And yet, Penn wasn’t gangbusters from downtown a year ago. In fact, Penn ranked last among all Ivies in conference play in three-point percentage at 32.9 percent, suggesting substantial improvement is necessary for the Quakers, especially now that they’ve lost their primary low-post presence. But MacDonald, Jerome, Wood and even Brodeur should help in that regard, and Jackson Donahue proved to be a very potent shooter in his freshman campaign last season, shooting 37.8 percent from that area.
Add to that list of names junior forward Sam Jones, whose early-season hot streak from long range cooled off as the season rolled on. Jones is a dangerous threat when locked in and healthy, though, and opponents may sleep on him at their own peril.
Senior guard Matt Howard returns after averaging 12.3 points and 5.7 rebounds per game last season, proving himself one of the most athletic players in the conference. Howard tailed off toward the end of last season, shooting just 32.3 percent from the floor in Penn’s final five games, a stretch in which Penn went 1-4. It’s quite possible that Howard, who has proven quite skillful at rebounding and steals in addition to scoring, could be the ultimate bellwether for this team, a savvy senior on a team full of underclassmen.
Sophomore forward Max Rothschild was a force on the boards at times during Ivy play last season, most memorably contributing 14 points and 11 boards in 28 minutes in a February win over Harvard. He didn’t record a block last season but will be asked to step up as a rim protector this season. More on that later.
The wild card here is Antonio Woods, whose possible return in January after his academic ineligibility is set to expire could provide the Quakers with something they lacked often after his departure a year ago – someone who can create their own instant offense off the dribble.
Silpe got better at being the point man on offense upon Woods’ absence, showing excellent floor vision. It will be interesting to see how Silpe and Woods coexist in the backcourt if Woods does return.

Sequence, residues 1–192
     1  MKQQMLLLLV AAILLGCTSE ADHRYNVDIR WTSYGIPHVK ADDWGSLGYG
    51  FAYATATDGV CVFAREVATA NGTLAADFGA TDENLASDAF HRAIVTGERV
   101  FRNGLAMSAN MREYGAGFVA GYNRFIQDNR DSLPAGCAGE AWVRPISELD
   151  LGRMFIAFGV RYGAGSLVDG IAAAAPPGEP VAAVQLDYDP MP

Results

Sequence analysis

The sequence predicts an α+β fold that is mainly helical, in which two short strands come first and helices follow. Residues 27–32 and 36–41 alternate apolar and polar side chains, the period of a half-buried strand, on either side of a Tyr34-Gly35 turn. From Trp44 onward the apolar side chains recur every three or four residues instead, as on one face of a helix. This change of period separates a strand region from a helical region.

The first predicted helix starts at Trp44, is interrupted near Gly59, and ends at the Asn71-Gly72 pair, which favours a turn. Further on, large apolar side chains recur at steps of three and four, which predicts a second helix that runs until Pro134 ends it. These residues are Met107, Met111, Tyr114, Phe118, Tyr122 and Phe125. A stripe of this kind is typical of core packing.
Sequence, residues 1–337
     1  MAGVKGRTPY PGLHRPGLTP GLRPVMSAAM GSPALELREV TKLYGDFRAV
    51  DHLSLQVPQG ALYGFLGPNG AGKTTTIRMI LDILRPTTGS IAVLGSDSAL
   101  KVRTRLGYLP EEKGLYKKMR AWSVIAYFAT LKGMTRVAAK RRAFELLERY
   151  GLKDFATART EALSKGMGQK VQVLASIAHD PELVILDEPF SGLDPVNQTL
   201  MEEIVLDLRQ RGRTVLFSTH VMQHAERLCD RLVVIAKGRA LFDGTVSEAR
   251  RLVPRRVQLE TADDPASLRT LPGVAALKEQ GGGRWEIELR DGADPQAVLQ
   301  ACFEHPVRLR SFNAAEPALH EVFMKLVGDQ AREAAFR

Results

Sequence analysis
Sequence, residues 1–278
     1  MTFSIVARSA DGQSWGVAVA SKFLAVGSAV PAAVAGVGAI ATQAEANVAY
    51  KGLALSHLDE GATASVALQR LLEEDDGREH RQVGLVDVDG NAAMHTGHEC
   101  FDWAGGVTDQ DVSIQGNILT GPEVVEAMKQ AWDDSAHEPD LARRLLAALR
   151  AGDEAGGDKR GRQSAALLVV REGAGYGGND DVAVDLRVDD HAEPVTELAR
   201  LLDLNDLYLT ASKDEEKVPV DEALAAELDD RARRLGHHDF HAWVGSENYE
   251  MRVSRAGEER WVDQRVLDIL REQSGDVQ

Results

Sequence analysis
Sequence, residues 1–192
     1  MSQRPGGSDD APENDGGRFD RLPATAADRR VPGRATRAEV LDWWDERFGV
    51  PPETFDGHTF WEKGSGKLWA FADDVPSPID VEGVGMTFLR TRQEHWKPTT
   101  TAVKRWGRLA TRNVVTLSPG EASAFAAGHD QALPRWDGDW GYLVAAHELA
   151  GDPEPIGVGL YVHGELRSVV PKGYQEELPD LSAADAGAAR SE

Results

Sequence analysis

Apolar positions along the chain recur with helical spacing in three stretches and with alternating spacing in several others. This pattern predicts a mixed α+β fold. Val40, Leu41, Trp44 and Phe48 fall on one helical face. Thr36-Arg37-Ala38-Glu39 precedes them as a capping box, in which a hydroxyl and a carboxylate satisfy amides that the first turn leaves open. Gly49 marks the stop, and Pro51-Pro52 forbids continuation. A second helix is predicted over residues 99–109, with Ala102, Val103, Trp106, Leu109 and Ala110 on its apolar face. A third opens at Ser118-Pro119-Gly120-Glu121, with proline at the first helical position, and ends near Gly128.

Defense: Penn finished sixth in the league in Ivy play in adjusted defensive efficiency and seventh in defensive three-point percentage, meaning the Quakers weren’t as good at defending the three as Donahue would like. Rim protection may be by committee early on, as sophomore center Collin McManus, at 6-10, is the only Quaker taller than 6-8 on the roster.
Foreman is a strong on-the-ball defender, and Silpe also showed a knack for stacking steals in certain games a year ago. But Penn will have to improve significantly on this end of the floor if it is to earn a slot in the Ivy tourney – the Red and Blue held opponents to fewer than 70 points in just four of 14 conference games last season.
Intangibles: Suddenly, expectations are quite high. The Ivy preseason media poll projected the Quakers to finish fourth in the league in a season in which managing to finish fourth has never been more important. Missing the first ever Ivy tournament being held on its home floor would be tough for Penn, but it will also be tough to make it, perhaps more than the preseason media poll lets on. This is a roster comprised of six freshmen and five sophomores, a youthful squad with much to prove. Ultimately, though, this is a program on the up and up, poised to attain Ivy contender status with the passage of some more time.